Sunday, September 13, 2015

Thoughts on solo travel

I have my own opinions and observations on this subject, but I'll try to be objective (yeah, right) and pluck ideas solely from the images on these three cards.

Three decks, one question to ponder:
What are your thoughts on solo travel?


1) Tarot Nova ~ IX of Swords

  • Worries about plans, reservations, flights, seat assignments (I'm crazy claustrophobic) can keep you up at night.
  • Cold feet. I shouldn't have done this. I can't afford it. I shouldn't be taking all this time off from work. This is a terrible idea; what was I thinking? 
  • The what-ifs may make regularly scheduled appearances in your impressionable night brain.
    • What if I get lost and no one will help me?
    • I don't speak Italian (German, French, Farsi, Spanish, Hindi...). What if I can't make myself understood?
    • What if I am ill or get injured?
    • What if I hate being alone?
    • What if my house burns down while I'm away?
    • What if someone at home dies and I don't find out about it because my internet connection fails?


2) Silhouettes Tarot ~ 3 Pentacles

  • Your friends and family will be supportive and even delighted that you're brave enough to head out on your own.
  • Try to see things with the fresh eyes of a child.
  • You'll feel like an explorer, climbing new heights and surveying new territory. Right up there with Marco Polo and Jacques Cartier.
  • You can see a lot more of the world around you if you lift off and fly to a new destination.
  • There may be enlightening experiences, encounters with kind strangers that brighten your day.
  • Pack light; you have to lug that junk up hills and down dales.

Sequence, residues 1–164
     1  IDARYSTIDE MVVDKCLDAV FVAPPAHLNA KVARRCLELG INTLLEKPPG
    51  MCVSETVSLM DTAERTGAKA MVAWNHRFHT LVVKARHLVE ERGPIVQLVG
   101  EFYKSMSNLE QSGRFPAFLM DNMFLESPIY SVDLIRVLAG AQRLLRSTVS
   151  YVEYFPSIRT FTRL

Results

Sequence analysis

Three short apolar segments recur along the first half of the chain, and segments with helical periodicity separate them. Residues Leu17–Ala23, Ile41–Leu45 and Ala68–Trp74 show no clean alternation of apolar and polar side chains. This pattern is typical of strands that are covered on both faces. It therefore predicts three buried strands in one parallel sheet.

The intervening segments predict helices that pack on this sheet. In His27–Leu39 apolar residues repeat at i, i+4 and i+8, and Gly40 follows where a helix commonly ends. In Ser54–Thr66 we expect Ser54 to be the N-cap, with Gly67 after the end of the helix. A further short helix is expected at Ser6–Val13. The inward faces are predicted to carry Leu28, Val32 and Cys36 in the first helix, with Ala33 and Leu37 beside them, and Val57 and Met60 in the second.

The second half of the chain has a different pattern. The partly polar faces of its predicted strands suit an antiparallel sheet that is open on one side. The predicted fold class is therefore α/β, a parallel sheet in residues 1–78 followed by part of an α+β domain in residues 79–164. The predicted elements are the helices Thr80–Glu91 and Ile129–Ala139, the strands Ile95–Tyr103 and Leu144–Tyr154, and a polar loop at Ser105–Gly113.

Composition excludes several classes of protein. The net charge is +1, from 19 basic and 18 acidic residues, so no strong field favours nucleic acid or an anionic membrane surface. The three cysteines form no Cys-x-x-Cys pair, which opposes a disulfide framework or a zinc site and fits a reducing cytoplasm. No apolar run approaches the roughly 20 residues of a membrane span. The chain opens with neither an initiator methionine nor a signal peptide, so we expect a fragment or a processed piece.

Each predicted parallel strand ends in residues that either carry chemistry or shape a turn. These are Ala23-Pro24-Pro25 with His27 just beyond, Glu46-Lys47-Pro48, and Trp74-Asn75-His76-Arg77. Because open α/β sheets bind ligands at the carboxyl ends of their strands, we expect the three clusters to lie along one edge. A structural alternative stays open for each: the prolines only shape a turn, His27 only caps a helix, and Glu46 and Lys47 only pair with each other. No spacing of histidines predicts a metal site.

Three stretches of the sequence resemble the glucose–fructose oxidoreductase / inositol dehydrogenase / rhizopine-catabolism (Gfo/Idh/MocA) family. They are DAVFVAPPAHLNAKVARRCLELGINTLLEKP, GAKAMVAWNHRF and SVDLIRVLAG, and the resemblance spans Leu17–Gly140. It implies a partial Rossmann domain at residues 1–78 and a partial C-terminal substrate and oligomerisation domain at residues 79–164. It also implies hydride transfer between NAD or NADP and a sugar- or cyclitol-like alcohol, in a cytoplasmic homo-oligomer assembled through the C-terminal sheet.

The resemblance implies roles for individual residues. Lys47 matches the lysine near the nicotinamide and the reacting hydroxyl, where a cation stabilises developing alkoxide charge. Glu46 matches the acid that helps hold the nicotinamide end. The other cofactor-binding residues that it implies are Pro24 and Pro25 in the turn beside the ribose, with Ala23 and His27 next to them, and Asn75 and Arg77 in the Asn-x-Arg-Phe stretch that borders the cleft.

• Jet lag will cease, and your body will once again be in sync with the light of the sun.
  • Each solo trip builds on the one before it; you'll accumulate street smarts and memories. By the time you've saved up your pentacles and head out on your third trip, you'll embark without a backward glance.


3) Byzantine Tarot ~ XII Hanged Man


  • You may feel that your foreign-ness and uncertainty marks you as different, like this upside-down naked guy. You're living one of those dreams where you've arrived, minus your clothes.
    • Take this time to look down at what's beneath your feet: stones that have been trod by pilgrims such as yourself for hundreds of years, or intricate mosaics set into the pavement. Perhaps youll see insects or flowers unknown in your part of the world.
    • Look up! Someone is waving to you from a balcony, you're in the flight path of a low-flying pigeon, that gargoyle looks like your first grade teacher.
  • You needn't get hung up on a set agenda; you are free to change the plan at any time. You're the boss.
  • If you are stuck on language issues, or hot and tired and lost somewhere, hang loose for a while.
    • Take off a layer of clothing (this assumes you have more than one layer on to begin with).
    • Sit on a cathedral step or lean on a fence post, and consult your trusty map.
    • Plop down in a cafĂ©, order something, do some people watching until you're ready to move on.
    • Go into a store, say 'hi' to the proprietor, and point on your map to where you want to go. 
  • If you're a woman travelling alone, there may be areas of the city that are unsafe at night because of unsavoury types hanging around.


Some personal tidbits.
At times, yes, it's a bit lonely. Especially in a romantic city like Venice, where couples (even those who look like they've weathered a few decades together) seem inordinately smitten with each other. This passes as soon as you encounter all those other cranky pairs bickering.
It takes a day or two to settle into a new environment, but then it becomes your own. Be patient.
Journeywoman's newsletter is a great resource for the solo female traveller.
I can't say enough good things about Untours. They've taken me happily and safely to Prague, Budapest, Florence, and Venice.

Happy travels!